By Sarah Zulkifli, Manager, Science Writer, Communications & Outreach
“Do research that benefits patients. Likewise, see patients that benefit research.” This is the mantra Associate Professor Nagaendran Kandiah lives by. A/Prof Kandiah holds a dual role as a Senior Consultant Neurologist at National Medical Research Council and Director of LKCMedicine’s upcoming Dementia Research Centre (DemRC) where its main mission is to discover strategies to prevent dementia.
Dementia is a disease in which there is deterioration in cognitive functions. Patients suffering from dementia face issues with their memory, thinking, and social abilities. Someone with mild dementia may have forgetfulness for six months or longer. Some other signs include not being able to perform well at work and tasks that require planning become problematic.
A/Prof Kandiah said, “DemRC is set to launch this April 2022 and is going to focus on individuals that show very early signs or symptoms of dementia – those who are deemed to be at an early stage of this neurological disease.”
A/Prof Kandiah’s plans include setting up the Biomarker and Cognitive Impairment Study (BioCIS) cohort at DemRC. The aim is to recruit 1,500 subjects all of whom are in the early stages of dementia, specifically mild cognitive impairment. This study is important as the risk for patients with mild cognitive impairment developing dementia increases by 10 to 15 per cent every year. He added, “If we can identify high-risk patients, we can potentially help them. At DemRC, we can perform comprehensive cognitive assessment – magnetic resonance imaging (MRI) of the brain and state-of-the-art blood biomarkers. We can understand how the brains of these individuals function and provide interventions to delay dementia.”
Another focus of DemRC is the term he coined: Asian dementia – suffered by patients who have multiple mini-strokes in the brain due to reduced blood flow. “My goal is to help them find ways to increase blood flow to the brain so that they will have a lower risk of dementia. When we perform MRI brain scans, we often see evidence of reduced cerebral blood flow in patients from Southeast Asia. This is higher in our region compared to other parts of the world.”
He added, “I would like to bring in clinical neuroscience research that focuses on the aspects of cognition, neuroimaging, and biomarkers in human subjects. I hope to enrich the neuroscience community at LKCMedicine with clinical research data that will help advance neuroscience research.”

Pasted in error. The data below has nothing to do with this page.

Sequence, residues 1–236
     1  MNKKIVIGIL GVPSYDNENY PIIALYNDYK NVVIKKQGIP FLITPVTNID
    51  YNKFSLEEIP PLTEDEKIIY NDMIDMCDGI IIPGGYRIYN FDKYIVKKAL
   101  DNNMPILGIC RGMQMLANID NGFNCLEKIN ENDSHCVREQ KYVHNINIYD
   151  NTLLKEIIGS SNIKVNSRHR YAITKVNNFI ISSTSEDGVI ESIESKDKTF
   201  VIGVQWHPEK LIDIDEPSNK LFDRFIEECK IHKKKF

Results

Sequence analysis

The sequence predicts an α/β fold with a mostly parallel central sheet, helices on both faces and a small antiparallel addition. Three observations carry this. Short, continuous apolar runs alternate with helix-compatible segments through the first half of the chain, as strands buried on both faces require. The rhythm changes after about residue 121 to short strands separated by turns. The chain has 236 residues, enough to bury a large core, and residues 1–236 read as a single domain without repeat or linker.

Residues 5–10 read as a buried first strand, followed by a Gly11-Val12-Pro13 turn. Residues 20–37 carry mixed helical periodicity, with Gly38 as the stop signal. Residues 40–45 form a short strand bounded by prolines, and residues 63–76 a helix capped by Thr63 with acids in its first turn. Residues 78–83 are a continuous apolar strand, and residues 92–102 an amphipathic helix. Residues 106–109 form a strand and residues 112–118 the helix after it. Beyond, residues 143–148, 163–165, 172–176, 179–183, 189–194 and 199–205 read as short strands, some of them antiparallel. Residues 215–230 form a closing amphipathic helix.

For some patients, it is evident that they show signs of dementia. For others, they may need some persuasion from loved ones or more signs to be convinced that they require medical help. With empathy, he said, “It is not an easy situation to tackle. We need to give them time to come to terms with their condition. Typically after one or two visits, patients do realise that they require medical help. Getting patients’ loved ones in the diagnostic and management process can be greatly beneficial.”
Before this, A/Prof Kandiah was the Director of Singapore’s National Neuroscience Institute (NNI) Dementia Programme and a Senior Consultant there. For the past 18 years at NNI, he had seen a lot of patients with cognitive problems. “I hope to use my clinical experience to further translational research in cognitive disorders. This is important for research – to focus on the problems in humans so that we can find solutions to these problems.”
Twenty years ago, dementia was not a disease that was well understood in the Singapore community. It is thought that dementia patients were individuals who were severely affected cognitively and could not manage independently. He added, “What we are seeing now are patients who come to the clinic at a very early stage which gives us the opportunity to explain the brain changes they are experiencing. Working together with the patients, we find ways to reduce the progression of the disease. This is rewarding for me because when you see patients in their early stages, it is often possible to help them find a way to slow down the disease.”
His career inspiration is Professor Howard Feldman – the master of dementia as named by The Lancet Neurology – who lives by the same mantra A/Prof Kandiah abides by. In his free time, he enjoys doing carpentry work and his most gratifying work was a plant house he built together with his 11-year-old son, which now stands proudly in his home.